The Chief Rabbi has called on the government to introduce an American Thanksgiving-style bank holiday to celebrate “Britishness” at the same time as warning that over-promotion of British values could cause divisions in society.
Ephraim Mirvis said vigorously espousing “fundamental British values” in an attempt to counter extremism could have the unintended result of causing some sections of society to turn on others, including people from different religious backgrounds.
He said: “In some instances, fundamental values can lead towards fundamentalism, and that would be in the event that they prompt people to adopt an extremist approach, whereby those who are championing fundamental values have no tolerance for the particular values of a particular entity within our society.
“So in the event that – dogmatically – such values are used as a stick with which to beat faith groups, or other particular interest groups, that would be a huge pity and goes against the spirit of what the values are about.”
The Chief Rabbi made the remarks while giving evidence to a House of Lords committee on citizenship and civil engagement on Wednesday.
Outlining his desire to repair a “newly-divided society”, he advocated greater involvement in initiatives like Shabbat UK, Mitzvah Day and his Ben Azzai social action programme, which he said could help instil responsibility among the British public.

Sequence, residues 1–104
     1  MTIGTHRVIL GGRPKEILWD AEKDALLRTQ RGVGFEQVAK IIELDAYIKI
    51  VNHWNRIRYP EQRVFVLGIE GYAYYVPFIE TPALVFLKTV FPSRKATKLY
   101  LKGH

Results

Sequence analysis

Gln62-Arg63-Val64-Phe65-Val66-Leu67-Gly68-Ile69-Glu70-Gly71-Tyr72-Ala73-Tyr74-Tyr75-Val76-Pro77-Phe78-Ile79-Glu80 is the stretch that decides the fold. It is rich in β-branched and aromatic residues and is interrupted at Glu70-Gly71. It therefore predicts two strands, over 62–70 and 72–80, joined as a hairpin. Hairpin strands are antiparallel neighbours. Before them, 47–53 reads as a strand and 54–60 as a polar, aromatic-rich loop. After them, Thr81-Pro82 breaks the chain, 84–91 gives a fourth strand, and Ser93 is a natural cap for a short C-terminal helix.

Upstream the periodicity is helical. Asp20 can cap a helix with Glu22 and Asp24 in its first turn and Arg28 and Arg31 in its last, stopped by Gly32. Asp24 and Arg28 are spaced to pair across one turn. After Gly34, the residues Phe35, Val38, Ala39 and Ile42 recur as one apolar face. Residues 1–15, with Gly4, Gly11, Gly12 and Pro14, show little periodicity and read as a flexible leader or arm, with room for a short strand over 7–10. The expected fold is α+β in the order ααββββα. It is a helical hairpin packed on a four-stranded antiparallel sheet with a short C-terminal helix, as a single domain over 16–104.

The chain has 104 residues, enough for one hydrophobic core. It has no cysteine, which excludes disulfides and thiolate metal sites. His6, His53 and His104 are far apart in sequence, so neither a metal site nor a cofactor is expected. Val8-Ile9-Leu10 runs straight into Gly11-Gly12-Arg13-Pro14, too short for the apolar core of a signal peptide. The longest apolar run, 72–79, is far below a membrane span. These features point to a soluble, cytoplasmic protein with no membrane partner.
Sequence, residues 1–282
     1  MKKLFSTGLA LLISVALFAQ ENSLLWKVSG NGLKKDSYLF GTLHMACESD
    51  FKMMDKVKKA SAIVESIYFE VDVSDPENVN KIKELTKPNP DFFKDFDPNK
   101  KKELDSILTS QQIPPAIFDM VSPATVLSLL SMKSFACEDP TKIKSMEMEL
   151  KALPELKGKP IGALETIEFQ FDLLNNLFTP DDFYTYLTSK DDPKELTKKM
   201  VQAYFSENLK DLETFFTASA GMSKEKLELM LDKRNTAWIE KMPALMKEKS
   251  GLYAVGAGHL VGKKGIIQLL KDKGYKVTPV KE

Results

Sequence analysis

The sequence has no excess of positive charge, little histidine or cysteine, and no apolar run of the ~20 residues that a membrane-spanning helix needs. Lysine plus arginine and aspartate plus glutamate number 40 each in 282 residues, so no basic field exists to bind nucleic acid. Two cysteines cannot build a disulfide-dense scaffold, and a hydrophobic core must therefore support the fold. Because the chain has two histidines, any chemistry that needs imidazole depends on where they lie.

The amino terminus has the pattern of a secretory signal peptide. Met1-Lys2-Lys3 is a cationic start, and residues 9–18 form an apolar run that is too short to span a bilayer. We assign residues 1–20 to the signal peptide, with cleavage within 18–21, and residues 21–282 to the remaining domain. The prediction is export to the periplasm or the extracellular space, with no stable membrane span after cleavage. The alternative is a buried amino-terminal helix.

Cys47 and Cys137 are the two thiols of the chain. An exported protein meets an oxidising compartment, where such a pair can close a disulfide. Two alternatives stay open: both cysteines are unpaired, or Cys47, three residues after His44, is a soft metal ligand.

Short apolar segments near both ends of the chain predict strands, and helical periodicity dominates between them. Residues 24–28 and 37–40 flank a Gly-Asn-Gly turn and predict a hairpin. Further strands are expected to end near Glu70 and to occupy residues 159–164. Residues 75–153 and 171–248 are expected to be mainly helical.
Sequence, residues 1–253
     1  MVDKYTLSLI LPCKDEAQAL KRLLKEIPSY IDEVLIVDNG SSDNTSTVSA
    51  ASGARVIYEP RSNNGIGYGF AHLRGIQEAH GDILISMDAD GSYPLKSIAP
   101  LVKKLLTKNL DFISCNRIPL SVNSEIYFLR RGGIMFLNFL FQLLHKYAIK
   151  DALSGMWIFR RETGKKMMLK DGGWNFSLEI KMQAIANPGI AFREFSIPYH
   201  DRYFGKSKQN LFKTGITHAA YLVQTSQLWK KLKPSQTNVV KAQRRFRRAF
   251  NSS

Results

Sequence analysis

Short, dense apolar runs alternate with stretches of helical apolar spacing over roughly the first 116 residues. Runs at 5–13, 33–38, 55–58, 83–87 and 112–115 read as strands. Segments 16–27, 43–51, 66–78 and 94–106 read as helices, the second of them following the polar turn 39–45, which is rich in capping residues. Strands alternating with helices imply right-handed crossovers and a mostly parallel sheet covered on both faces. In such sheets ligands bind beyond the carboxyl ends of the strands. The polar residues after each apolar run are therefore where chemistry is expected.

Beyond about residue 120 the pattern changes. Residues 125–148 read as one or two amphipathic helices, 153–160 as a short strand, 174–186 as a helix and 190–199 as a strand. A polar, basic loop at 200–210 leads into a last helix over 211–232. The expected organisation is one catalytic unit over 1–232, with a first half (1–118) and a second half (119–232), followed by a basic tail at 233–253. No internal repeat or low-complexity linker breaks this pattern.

But he also called on the government to do more to back religious life, saying he sensed religion was often “perceived to be part of a problem within our society rather than being appreciated as something of enormous value to our society.
“Those who are religious have roots. Utilising religion responsibly, they are well placed to be outstanding citizens. I often wish there would be a more healthy tone being set from the government.”
The Chief Rabbi said a new bank holiday celebrating “Britishness” could be a “civic milestone”.
“We are missing a trick here in Britain – it would be the equivalent of America’s Thanksgiving,” Rabbi Mirvis told the committee.
“We need a day in the year through which we can express that with pride, to concentrate on our British values.”
Rabbi Mirvis said society should strive to be like a harmonised “symphony orchestra”.
“We need to respect people for who they are, and where they are coming from, and under the baton of human cooperation we need to blend together to produce that harmonious society, not through uniformity but through unity.”